Christopher Ross

Martial Artistry

Kendo: Culture of the Sword

By

University of California Press 286pp £22.95 order from our bookshop

I was going to start this review with a joke about the ‘Last Samurai’ Saigō Takamori’s testicles, which were huge, but as it would take more than four hundred words to tell, I shall refrain. Instead, to have any chance of describing Alexander Bennett’s close investigation into the culture of the Japanese sword and those who wielded it, embedded in a lucid, scholarly ramble through centuries of Japanese history, we must use those words to contextualise. Samurai were hereditary clans specialising in the arts of war. In the late Heian Period (794–1185), the emperor and his kuge (nobles) were challenged by powerful samurai alliances and eventually ceded power to Minamoto Yoritomo, who established a samurai government in Kamakura in 1192. The emperor formally appointed Yoritomo as sei-i taishōgun, or generalissimo. This domination by the samurai of central governance (with the emperor in Kyoto retained as de jure ruler), with the concomitant political struggle between samurai houses, was to last until the Meiji Restoration of 1868. 

Sign Up to our newsletter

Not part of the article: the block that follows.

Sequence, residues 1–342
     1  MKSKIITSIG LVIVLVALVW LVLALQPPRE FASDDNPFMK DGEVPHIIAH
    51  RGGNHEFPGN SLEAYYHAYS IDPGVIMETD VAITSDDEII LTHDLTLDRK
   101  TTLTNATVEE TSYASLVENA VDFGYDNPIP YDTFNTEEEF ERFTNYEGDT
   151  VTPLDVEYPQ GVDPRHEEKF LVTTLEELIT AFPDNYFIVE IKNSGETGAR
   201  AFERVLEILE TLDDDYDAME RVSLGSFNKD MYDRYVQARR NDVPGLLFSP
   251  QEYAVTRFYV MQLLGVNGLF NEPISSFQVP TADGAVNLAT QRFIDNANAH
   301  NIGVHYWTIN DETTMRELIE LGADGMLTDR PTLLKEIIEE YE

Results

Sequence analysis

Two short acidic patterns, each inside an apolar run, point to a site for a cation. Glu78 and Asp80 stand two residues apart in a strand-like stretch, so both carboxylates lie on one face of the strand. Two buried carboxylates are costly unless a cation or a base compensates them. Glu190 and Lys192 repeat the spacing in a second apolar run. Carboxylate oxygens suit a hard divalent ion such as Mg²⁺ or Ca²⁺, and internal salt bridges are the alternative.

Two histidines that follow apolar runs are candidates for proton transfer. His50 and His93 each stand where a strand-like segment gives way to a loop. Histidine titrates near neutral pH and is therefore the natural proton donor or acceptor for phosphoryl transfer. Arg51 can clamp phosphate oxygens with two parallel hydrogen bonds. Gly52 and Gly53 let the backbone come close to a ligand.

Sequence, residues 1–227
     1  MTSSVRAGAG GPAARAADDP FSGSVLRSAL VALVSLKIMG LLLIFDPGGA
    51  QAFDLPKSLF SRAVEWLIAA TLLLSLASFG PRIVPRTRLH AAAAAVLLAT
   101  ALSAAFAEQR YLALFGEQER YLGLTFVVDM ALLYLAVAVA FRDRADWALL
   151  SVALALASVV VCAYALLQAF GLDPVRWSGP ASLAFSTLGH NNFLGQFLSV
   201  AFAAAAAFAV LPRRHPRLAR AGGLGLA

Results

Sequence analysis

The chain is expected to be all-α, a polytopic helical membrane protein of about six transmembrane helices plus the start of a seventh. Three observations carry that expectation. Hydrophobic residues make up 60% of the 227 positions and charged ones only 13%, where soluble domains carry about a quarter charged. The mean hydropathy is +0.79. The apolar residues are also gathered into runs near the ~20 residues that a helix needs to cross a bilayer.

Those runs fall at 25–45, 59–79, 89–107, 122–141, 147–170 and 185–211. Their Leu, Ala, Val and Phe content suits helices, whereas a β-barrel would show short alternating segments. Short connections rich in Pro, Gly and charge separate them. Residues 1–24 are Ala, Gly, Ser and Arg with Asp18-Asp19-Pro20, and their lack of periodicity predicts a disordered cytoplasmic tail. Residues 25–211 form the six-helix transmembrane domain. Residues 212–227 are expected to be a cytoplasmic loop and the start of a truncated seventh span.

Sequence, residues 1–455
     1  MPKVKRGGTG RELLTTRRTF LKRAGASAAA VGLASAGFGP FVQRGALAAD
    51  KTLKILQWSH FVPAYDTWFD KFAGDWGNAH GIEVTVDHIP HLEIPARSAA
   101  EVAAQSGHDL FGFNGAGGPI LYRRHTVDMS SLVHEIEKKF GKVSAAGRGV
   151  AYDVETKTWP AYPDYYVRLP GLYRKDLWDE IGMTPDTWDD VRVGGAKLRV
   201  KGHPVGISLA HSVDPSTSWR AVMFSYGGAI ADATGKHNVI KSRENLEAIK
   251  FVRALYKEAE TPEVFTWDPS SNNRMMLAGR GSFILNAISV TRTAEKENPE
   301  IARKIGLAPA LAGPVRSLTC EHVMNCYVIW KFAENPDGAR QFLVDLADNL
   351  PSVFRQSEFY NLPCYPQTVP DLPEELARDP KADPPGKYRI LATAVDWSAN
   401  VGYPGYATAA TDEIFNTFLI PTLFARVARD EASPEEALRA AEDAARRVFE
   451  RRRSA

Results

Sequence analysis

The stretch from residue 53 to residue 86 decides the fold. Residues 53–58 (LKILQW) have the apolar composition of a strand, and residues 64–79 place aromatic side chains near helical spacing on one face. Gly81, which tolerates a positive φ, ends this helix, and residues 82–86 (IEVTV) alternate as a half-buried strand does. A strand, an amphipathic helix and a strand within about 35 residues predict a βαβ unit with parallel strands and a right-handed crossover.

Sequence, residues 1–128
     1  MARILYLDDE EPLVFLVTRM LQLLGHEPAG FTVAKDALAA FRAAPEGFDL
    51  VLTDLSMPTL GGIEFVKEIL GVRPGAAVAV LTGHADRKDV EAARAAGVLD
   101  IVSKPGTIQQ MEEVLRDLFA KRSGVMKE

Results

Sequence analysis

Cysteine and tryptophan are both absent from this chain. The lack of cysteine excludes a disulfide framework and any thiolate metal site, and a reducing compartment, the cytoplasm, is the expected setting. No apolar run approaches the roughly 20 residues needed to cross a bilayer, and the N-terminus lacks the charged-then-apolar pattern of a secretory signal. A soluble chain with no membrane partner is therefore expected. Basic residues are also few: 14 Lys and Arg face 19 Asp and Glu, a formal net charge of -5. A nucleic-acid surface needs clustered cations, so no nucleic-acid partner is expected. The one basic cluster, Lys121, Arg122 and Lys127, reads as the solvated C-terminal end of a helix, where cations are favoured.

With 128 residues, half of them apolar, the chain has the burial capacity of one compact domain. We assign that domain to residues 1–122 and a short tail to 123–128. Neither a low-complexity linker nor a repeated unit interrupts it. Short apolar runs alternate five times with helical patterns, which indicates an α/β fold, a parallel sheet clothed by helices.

Receive free articles, highlights from the archive, news, details of prizes, and much more.

Follow Literary Review on Twitter

  • Last Tweets

    • A piece of Literary Review history from way back in 1983: John Haffenden talks to the great Iris Murdoch. ,
    • Britain’s only travelling lit fest, the Garden Museum Literary Festival is heading to Houghton Hall, Norfolk, for a… ,
    • 'The 19th-century German sage is not my idea of a pleasant travel companion' goes hiking with Friedr… ,
    • If you want ideas about what to read next, sign up to our free email newsletter, and get book reviews, archive mate… ,
    • 'The heroic male nude could not, I think, be used today to signify civic pride and glory', as Michelangelo’s 'David… ,
    • 'Munch’s later works show us a man liberated from the torments that gave rise to some of the best-known early works… ,
    • 'We read from left to right and from start to finish. Or do we?' Stuart Hannabus considers the merits of reading i… ,